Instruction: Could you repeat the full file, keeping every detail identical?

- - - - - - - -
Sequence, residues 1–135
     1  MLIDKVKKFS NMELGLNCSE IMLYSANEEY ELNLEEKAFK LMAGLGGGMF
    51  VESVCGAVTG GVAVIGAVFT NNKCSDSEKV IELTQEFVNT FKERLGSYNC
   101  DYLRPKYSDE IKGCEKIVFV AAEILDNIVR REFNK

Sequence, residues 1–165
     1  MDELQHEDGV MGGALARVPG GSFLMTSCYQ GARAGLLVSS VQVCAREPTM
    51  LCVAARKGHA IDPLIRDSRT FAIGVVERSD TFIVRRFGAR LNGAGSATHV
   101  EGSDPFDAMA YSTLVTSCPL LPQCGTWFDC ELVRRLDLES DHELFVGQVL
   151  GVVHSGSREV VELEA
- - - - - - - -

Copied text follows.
Sequence, residues 1–135
     1  MLIDKVKKFS NMELGLNCSE IMLYSANEEY ELNLEEKAFK LMAGLGGGMF
    51  VESVCGAVTG GVAVIGAVFT NNKCSDSEKV IELTQEFVNT FKERLGSYNC
   101  DYLRPKYSDE IKGCEKIVFV AAEILDNIVR REFNK

Sequence, residues 1–165
     1  MDELQHEDGV MGGALARVPG GSFLMTSCYQ GARAGLLVSS VQVCAREPTM
    51  LCVAARKGHA IDPLIRDSRT FAIGVVERSD TFIVRRFGAR LNGAGSATHV
   101  EGSDPFDAMA YSTLVTSCPL LPQCGTWFDC ELVRRLDLES DHELFVGQVL
   151  GVVHSGSREV VELEA